• Responsibilities All code except the ball throw itself.

Gameplay Screenshot

All of the 2d user interfaces were implemented using Interface Builder. theComplex was able to load xib files directly and create OpenGL-based objects with them. This also included support for any aspect ratio screen (as would be needed on Android). Later on I found out the producer was able to create a free advertisement-based version of the game without any need of a coder until it was practically complete.

Backboard and net movement were animations imported from Maya using the Collada importer of theComplex engine.

Added synchronized network play with four other players via GameKit (bluetooth or wifi). It synchronizes the game start, then displays the scores of the other players in real time.

High Score Display Screenshot
Integrated Plus+ leaderboard system.

Built an in game “store” that you can purchase additional basketballs and prizes. How you did in the game awarded you special points that you redeem in the store.

There was a bit of discussion around the ball throw itself. I had built a method of throwing the ball that worked out the ideal angle/speed to throw the ball, and then averaged all the player input to modify it. The feel was pretty easy, good for casual gamers. However the game Skeeball had recently been released and was a fairly big hit. In that game, only the player’s beginning and end of the swipe mattered, and it was used to make a direct correlation to the velocity and angle of the throw. It was much more difficult in my opinion.

An older (but more exciting!) portfolio page for this project.

Periscope (Mac Application)

Periscope Icon

Periscope is the next generation of Web cam software that lets you use your iSight to capture activity in front of your Mac’s camera and then save or share that image simply and automatically.

Within seconds, you can configure Periscope to monitor a room for motion, sound or on a timer. Periscope will send real-time images to your e-mail, .Mac Web page, or FTP site, and can upload to Flickr!

Put it this way, the next time your mini-fridge is raided by a roommate pleading innocence… You got the dirt.
‘scope your home when you’re out of town.
‘scope for intruders with motion detection.
‘scope the kids when you’re at the office.
‘scope a time-lapse movie of your workday.
‘scope for security.
‘scope for fun!

Motion Sense Screenshot

  • Product description: Webcam software, with motion detection and many ways to share resulting pictures.
  • Release Date: November 2009
  • Product history/genesis: The project had originally been built with contract labor, which created a product that the owners were severely unhappy with. I was brought in as part of the team to clean it up and fill in the gaps starting with the 1.5 release.
  • Team: Self, two other Coders, Producer, Artist, QA team.
  • Core Technologies: Objective C in Cocoa for Mac OS X
  • Most proud of: Remade the motion detection system to take advantage of GPU acceleration. Unfortunately most hardware was not yet supporting general GPU acceleration, so it still remained slow to most users.
  • Responsibilities: Bugfixing, new features, optimization

Promo Screenshot
Kitty Screenshot

This is one of the few “non-game” applications I’ve been part of in my career, the other being the FaxSTF 5.0 browser. While not a game, I found the experience just as rewarding as the games I had built.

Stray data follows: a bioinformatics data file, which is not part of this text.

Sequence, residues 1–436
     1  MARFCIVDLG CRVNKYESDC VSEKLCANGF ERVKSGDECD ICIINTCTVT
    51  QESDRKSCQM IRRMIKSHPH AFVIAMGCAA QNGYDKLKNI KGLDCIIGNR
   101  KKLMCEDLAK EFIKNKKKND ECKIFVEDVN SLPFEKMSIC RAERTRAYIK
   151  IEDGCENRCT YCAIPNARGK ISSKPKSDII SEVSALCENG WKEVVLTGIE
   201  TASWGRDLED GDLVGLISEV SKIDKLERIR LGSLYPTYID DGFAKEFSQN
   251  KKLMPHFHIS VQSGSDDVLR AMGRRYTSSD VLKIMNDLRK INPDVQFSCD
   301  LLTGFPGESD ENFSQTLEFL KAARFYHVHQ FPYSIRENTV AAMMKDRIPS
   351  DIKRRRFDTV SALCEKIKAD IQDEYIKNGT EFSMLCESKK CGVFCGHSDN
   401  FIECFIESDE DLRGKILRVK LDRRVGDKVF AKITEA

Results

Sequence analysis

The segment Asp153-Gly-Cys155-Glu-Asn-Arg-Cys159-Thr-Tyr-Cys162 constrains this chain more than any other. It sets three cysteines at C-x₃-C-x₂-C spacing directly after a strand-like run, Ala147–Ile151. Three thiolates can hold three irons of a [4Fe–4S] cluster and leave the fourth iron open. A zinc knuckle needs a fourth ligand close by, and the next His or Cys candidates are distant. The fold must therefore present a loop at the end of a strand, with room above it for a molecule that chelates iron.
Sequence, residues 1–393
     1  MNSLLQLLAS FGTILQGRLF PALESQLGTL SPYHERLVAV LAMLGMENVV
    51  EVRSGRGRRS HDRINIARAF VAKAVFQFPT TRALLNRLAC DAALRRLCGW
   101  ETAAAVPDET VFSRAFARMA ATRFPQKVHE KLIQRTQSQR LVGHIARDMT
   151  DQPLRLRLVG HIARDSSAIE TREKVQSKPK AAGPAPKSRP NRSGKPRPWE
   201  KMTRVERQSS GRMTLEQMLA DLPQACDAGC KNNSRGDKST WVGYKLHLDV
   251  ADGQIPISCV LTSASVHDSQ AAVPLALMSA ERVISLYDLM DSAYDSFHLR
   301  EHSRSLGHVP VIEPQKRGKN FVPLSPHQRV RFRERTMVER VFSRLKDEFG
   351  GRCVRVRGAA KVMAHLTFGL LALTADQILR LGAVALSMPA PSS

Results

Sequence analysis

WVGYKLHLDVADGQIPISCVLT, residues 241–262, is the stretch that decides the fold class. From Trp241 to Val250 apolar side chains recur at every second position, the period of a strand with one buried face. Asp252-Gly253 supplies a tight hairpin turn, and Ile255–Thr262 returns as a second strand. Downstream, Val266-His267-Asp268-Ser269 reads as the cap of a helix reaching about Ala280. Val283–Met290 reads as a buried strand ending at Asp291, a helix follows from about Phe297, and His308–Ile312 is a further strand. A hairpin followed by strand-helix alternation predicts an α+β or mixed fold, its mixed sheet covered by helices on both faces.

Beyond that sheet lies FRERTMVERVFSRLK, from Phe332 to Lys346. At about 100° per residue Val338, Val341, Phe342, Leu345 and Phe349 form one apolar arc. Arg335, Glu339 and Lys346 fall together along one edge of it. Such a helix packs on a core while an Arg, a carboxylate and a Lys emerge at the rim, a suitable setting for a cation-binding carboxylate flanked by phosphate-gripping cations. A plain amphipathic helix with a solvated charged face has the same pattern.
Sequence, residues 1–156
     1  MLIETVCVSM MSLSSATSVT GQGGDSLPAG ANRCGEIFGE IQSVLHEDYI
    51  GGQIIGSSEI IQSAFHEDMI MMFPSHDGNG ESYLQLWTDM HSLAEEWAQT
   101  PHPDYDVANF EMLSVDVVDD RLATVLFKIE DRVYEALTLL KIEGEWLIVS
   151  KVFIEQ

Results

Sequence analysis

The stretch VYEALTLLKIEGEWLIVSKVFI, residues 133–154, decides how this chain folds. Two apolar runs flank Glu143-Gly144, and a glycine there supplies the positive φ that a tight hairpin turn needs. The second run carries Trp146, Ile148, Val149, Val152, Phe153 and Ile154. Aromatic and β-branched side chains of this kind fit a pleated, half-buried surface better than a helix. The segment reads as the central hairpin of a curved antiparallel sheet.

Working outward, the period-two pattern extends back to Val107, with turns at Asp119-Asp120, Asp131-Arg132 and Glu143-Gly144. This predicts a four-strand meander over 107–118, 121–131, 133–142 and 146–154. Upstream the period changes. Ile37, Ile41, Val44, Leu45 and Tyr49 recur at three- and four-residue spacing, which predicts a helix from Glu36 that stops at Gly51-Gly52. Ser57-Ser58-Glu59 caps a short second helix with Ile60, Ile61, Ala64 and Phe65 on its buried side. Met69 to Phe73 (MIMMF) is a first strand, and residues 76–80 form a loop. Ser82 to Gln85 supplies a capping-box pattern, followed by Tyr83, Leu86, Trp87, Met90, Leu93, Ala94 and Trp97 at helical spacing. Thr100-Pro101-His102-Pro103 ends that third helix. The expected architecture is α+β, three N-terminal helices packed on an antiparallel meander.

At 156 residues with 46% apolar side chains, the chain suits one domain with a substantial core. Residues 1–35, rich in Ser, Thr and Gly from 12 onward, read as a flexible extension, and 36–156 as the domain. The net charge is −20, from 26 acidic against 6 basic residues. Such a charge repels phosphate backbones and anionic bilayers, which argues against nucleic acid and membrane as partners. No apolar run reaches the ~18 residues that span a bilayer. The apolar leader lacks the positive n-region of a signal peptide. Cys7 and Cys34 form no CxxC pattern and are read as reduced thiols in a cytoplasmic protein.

The user interface made some use of Key Value Coding originally, I expanded its use to include most of the UI.

The original code was uncommented and many of variable and method names did not make sense for the tasks they were doing. During the project this was incrementally improved until the final version was fairly well documented.

This was my first experience with Core Animation and later I would recreate its block animation setup paradigm in theComplex for handling 2d UI animations.

And older (but more exciting!) portfolio page for this app.

theComplex (Game Engine)


  • Product description: Game engine with a core concept of “most geometry will stay onscreen next frame too.”
  • Product history/genesis: Freeverse approached me about making a game engine that could run on both Mac and Windows platforms for a game series they were pitching. The games were ideal for the style of engine I already had in mind. The Hoyle games were completed after successfully creating an engine capable of driving DirectX or OpenGL. Soon after, iPhone became big and in less than a week theComplex was running on iPhone too.
  • Team: Self
  • Core Technologies:
    • C++ for Games, inside a cross platform wrapper
    • Objective C in Cocoa for Mac OS X wrapper
    • Objective C in UIKit for iPhone wrapper
    • C++ for Windows wrapper
    • Java for Android wrapper
  • Most proud of: This engine shipped in many games, and was updated and added to many times over the years. But throughout it has remained stable, well documented, and efficient.
  • Responsibilities: Everything from design to implementation

Custom Basketballs Screenshot

The design of this engine was based on years of experience with debugging other people’s engines in ports of Windows games to Mac. In each engine, when a new frame was started, everything from the previous frame was destroyed. All the sorted lists, all preprocessing, always redone every frame. In theComplex, the entire list of things to render is kept every frame. This way the game can choose to re-sort as often or as little as it wishes.

Falling Coins Screenshot

When Freeverse was purchased by ngmoco:), they chose to go a different direction with our technology choices to an internally designed javascript engine. Ngmoco:) invited me to help design and implement the 3d component of their new engine. It was never used in a shipping game because the core javascript engine simply could not keep up with the requirements of 3d engines. Two years later they have finally allowed alternate engines, and are now using Unity3D. As it turns out, Unity is so similar in design to my own engine that it was more like “coming home.” Even though Unity does not have the 2D support, some of their additions are brilliant.